Redundancy (linguistics)  

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In linguistics, redundancy is the construction of a phrase that presents some idea using more information, often via multiple means, than is necessary for one to be able to understand the idea.

Often, redundancies occur in speech unintentionally, but redundant phrases can also be deliberately constructed for emphasis, to reduce the chance that a phrase will be misinterpreted. In rhetoric, the term "redundancy" tends to have a negative connotation and may be perceived as improper because of its use of duplicative or unnecessary wording (and some people expand the definition to include self-contradictory wording, similar to double negation); however, it remains a linguistically valid way of placing emphasis on some expressed idea. Through the use of repetition of certain concepts, redundancy increases the odds of predictability of a message's meaning and understanding to others.

Redundancy typically takes the form of tautology: phrases that repeat a meaning with different though semantically similar words. Common examples are: "a variety of different items", "an added bonus", "to over-exaggerate", "and etc.", "end result", "free gift", "future plans", "unconfirmed rumor", "to kill, murder, or electrocute someone to death", "past history", "safe haven", "potential hazard", "completely surrounded", "false pretense," and so on. There is also the self-referential "joke organization" called "The Redundancy Society of Redundancy", also rendered as "Society of Redundancy Society".

A subset of tautology is RAS syndrome in which one of the words represented by an acronym is then repeated outside the acronym: "ATM machine", "HIV virus", "PIN number", "ITN news" and "RAID array". These phases expand to "automated teller machine machine", "human immunodeficiency virus virus", "personal identification number number", and "redundant array of independent disks array", respectively. "RAS syndrome" is itself a tongue-in-cheek example of the RAS syndrome in action; it expands to "Redundant Acronym Syndrome syndrome". Another common one used especially by teenagers is the phrase "i ily you", an 'msn speak' phrase which literally means "i i love you you".

On the phonological level, the redundancy of phonological rules may clarify some vagueness in spoken communication; "a speaker may know that 'thisrip' must be 'this rip' and not 'thi srip' because in English the initial consonant cluster 'sr' is illegal" (Pinker, 1994, p. 178). Also, certain phrases such as "ice cream sundae" and "capitol building" are considered redundant when written, but when spoken can clarify ambiguities due to homophones.

It is this feature of redundancy that has been saidTemplate:Who to be important in allowing humans to acquire a complex grammar system. A child acquiring language must abstract away grammatical rules based on the input which they hear. Redundancy in language allows the child's inductions to be more stable by presenting more salient evidence upon which these inductions are based. Redundancy therefore provides the sufficient stimulus needed to acquire a complex grammar system.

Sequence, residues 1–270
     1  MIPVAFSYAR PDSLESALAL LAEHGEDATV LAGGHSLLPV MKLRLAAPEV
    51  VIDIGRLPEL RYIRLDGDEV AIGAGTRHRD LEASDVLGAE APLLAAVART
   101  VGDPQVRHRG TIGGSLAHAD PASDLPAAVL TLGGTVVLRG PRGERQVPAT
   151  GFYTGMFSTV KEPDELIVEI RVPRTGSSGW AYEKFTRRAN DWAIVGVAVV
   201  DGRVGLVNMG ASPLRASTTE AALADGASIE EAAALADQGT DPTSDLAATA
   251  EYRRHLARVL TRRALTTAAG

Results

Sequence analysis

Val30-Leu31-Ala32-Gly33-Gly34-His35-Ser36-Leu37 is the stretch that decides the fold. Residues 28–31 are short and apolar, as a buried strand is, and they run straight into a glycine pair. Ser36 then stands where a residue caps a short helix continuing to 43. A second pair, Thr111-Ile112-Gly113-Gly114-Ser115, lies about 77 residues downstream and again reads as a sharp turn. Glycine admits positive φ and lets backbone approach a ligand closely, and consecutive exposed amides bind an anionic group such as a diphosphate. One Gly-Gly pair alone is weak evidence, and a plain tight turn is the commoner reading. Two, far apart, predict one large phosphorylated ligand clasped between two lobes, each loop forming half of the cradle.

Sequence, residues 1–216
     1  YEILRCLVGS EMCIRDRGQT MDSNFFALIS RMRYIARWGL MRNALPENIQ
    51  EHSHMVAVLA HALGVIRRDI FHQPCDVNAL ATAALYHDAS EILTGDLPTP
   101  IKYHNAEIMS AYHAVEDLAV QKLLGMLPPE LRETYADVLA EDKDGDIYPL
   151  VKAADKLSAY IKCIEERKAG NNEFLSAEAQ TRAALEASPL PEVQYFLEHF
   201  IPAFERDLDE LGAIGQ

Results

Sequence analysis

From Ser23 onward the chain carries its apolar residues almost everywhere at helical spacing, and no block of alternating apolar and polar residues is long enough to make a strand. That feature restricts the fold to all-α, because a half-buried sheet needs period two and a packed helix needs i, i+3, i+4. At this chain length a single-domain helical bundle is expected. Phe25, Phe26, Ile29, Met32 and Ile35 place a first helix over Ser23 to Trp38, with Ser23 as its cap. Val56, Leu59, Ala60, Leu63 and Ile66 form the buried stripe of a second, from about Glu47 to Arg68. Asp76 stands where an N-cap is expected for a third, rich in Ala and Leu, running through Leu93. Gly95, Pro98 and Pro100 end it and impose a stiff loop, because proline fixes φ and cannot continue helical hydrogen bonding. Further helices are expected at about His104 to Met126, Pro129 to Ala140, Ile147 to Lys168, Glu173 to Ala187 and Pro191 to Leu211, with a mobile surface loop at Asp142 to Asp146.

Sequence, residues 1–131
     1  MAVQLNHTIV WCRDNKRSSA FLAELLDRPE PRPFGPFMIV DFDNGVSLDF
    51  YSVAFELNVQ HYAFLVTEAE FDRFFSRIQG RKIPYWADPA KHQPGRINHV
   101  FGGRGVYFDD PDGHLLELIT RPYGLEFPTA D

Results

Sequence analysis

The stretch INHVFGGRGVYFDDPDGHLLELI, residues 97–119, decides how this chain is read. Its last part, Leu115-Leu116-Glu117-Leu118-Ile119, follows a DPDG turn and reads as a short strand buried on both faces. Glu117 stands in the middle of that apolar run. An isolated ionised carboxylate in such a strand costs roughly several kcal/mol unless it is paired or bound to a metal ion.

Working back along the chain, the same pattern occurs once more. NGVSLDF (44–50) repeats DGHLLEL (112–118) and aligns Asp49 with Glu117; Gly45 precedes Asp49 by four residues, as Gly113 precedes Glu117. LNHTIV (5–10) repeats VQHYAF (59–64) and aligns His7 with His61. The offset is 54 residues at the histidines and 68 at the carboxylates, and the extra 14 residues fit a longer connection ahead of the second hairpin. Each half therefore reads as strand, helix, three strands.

A more general classification of redundancy is pleonasm, which can be any unnecessary words (or even word parts). Subsuming both rhetorical tautology and RAS syndrome, it also includes dialectal usage of technically unnecessary parts, as in "off of" vs. "off", "onto" vs. "on" etc. Pleonasm can also take the form of purely semantic redundancies that are a part of the de facto standard usage in a language and "transparent" to the user (e.g., the French question "Qu'est-ce que c'est?" meaning "What's that?" or "What is it?", which translates very literally as "What is it that it is?"). The term pleonasm is most often, however, employed as synonymous with tautology.

The use of confusing, tumid linguistic constructions in vocally or graphically expressed communications (as in that phrase, which could more simply be expressed as "being longwinded") is also a form of redundancy, with several names. Two rather formal names for it are prolixity and logorrhoea. It is often done with manipulative intent, e.g. to confuse and mislead the audience (obfuscation), to disguise the actual nature of a position or fact (euphemism), or to persuade in politics or religion. In such cases it is often also fallacious. Comedian George Carlin was famous for criticizing the politically—and socially—motivated abuse of logorrhoea to hide the truth or manipulate public perception.

All of these forms of redundancy can be used intentionally, for positive artistic or rhetorical effect, frequently for humorous purpose, and for a number of other non-manipulative purposes, so their appearance in speech or writing is not automatically a fault. For example, duplicative language used as parallelism can have a strong rhetorical effect. Deliberate redundancy is sometimes used as a device in film and television, for instance in the BBC motoring series Top Gear, James May once referred to "...the Italian city of Lucca, which is in Italy", using one of the show's common grammatical tropes ("the X of Y which is in Z").

See also


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